Chelsea Clinton ends Haiti visit that focused on country’s women
A poised and soft-spoken Chelsea Clinton stood inside the concrete storage room in this central Haiti rural village, peppering her host with questions about aflatoxins, profit margins and market access.
“What percentage of the peanuts are consumed here in Haiti and are exported?’’ Clinton asked Robert Johnson, the general manager of acceso, which works to empower peanut farmers near Mirebalais by testing, storing and buying their products. “So a stronger dollar doesn’t affect that?’’
Clinton, who studied international relations and public health, isn’t an economist. But economics was very much on her mind as she promoted her family’s charitable efforts to not just help small farmers become more efficient purchasers but to empower women and women-led enterprises.
“It’s an important part of development,’’ Clinton said about economics.
The vice chair of the Clinton Foundation, Clinton arrived Tuesday and left Wednesday after visiting a half dozen projects, all supported by the foundation. It was her second visit to Haiti, her first solo trip on behalf of the foundation, which has come under intense scrutiny over its donations and development programs.
“I’m really proud of the work we’re doing here in Haiti,’’ Clinton said in an interview with the Miami Herald.
Scrutiny of nongovernmental organizations and donors is a good thing, Clinton said. But thanks to the foundation’s programs, she noted, women in Pouly are earning three times the $4.25 daily minimum wage and the support that foundation engineered from Avon means Haitian women can now get treatment for breast cancer at the nearby Partners In Health/Zanmi Lasante University of Hospital in Mirebalais.
The visit, she said, was an opportunity to “get out of the rhetoric’’ and see “how dollars or gourdes, or any resources are being invested.’’
“At the foundation, we are always trying to work ourselves out of a job,’’ she said.
Donna Shalala, the former head of the University of Miami, who joined the foundation in June as its president, agreed.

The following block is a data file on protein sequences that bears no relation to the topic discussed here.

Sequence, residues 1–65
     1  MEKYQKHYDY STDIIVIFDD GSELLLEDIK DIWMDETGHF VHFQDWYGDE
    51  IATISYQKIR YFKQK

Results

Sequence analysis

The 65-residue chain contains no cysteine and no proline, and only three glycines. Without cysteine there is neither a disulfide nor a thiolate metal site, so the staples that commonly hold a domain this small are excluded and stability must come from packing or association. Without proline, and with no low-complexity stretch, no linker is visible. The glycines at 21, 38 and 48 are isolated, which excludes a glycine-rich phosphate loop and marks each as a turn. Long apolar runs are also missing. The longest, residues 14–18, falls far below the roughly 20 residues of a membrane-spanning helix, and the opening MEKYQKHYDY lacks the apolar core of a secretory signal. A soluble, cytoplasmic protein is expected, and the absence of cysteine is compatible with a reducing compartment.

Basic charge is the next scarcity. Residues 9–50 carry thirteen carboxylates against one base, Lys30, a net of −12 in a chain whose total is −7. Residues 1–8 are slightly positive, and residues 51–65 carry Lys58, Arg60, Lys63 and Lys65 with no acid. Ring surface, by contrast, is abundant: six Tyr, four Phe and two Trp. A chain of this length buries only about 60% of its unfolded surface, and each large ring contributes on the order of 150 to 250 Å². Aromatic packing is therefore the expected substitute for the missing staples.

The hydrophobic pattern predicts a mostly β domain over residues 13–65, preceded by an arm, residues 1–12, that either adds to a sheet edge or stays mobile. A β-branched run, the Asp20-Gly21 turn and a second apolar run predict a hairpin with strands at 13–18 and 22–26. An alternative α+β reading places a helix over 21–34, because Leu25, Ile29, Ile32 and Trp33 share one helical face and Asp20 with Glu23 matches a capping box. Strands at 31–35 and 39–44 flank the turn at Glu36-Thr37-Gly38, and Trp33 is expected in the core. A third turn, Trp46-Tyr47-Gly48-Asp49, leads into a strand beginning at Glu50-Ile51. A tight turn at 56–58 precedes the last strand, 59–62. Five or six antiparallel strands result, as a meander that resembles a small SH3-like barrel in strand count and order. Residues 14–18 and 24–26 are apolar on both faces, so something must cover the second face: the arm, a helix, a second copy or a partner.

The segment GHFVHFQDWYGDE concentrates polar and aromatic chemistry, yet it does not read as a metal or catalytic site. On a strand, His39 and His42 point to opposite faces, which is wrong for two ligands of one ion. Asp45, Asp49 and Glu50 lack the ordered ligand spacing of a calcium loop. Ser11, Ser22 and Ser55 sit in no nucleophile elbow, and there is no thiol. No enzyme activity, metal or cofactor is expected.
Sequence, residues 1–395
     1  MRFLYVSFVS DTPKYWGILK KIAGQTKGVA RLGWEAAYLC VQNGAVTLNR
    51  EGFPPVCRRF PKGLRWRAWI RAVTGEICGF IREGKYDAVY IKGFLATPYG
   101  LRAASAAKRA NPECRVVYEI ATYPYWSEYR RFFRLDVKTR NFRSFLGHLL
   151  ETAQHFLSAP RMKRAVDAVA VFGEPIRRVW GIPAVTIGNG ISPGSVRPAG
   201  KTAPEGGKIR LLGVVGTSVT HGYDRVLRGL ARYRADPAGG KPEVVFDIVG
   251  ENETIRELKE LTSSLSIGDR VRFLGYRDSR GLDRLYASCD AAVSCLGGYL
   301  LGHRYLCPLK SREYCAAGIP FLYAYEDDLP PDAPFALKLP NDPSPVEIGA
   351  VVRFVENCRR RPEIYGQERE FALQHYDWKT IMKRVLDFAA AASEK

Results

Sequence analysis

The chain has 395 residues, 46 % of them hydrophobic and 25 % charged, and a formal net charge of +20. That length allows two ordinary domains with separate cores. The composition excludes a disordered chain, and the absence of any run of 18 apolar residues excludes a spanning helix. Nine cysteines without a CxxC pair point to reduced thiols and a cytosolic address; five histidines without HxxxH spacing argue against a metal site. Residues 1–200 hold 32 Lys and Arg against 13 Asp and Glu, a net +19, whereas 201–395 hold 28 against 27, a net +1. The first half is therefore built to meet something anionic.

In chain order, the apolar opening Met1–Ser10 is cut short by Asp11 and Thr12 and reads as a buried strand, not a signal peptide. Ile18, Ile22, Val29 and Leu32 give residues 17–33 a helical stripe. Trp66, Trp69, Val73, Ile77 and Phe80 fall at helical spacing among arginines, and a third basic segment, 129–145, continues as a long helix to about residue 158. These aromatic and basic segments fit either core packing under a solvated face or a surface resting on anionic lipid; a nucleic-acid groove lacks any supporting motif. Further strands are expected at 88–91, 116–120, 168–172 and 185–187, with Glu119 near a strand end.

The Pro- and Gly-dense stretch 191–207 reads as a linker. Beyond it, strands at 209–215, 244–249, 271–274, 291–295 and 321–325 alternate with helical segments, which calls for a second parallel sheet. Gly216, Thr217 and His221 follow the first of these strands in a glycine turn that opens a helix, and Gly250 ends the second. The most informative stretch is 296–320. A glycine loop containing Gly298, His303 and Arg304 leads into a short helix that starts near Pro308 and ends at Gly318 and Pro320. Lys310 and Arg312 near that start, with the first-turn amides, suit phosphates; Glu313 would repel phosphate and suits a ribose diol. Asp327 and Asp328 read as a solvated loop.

As UM president, Shalala was instrumental in helping get aid to the country after its devastating Jan. 12, 2010, earthquake. She was a lead supporter of efforts by Miami-based Project Medishare to set up a trauma hospital in Port-au-Prince, the country’s capital.
During her visit this week, Shalala said she was impressed not just with the foundation’s work but with efforts by Haitian women to take control of their lives.
“The projects that are started are being sustained,’’ Shalala said while visiting a farming cooperative that helps create castor oil on behalf of Kreyol Essence, an eco-friendly beauty product line founded by Yve-Car Momperousse, a young Haitian-American female entrepreneur.
“The population is buying in. These are Haitians who are doing this,’’ Shalala said. “Haitians have taken ownership.’’
The sustained leadership of the Clinton Foundation, she said, is making a difference.
“They never abandoned Haiti,’’ Shalala said. “They were here before, they are here now and they are building on progress. From the foundation, to the president and Chelsea, this is a passion. It’s simply not another country to do good at.’’
Former President Bill Clinton has made nearly 40 trips to Haiti, traveling here 36 times for a total of 56 days since 2009, his staff said.
Haiti, his daughter said, is part of her inheritance, noting that she grew up hearing about her parents’ 1975 honeymoon here.
Still, ever since Clinton decided to make Haiti a priority after leaving office, he’s come under criticism by those who expected his involvement to bear more for the impoverished country.
“Because my father started in the political realm, although he’s now very much been in the NGO realm for more than 14 years, I think people still see, and kind of by extension the foundation, as a political entity,” Clinton said. “We are not a political entitty. We are very much engaged and I would say in two large categories of work.”
Those categories, Clinton said, including working with the public sector to improve access to healthcare and other initiatives and helping the private sector fill the gap to improve their economic outcomes.
Article by: Jacqueline Charles Posted to Miami Herald July 29, 2015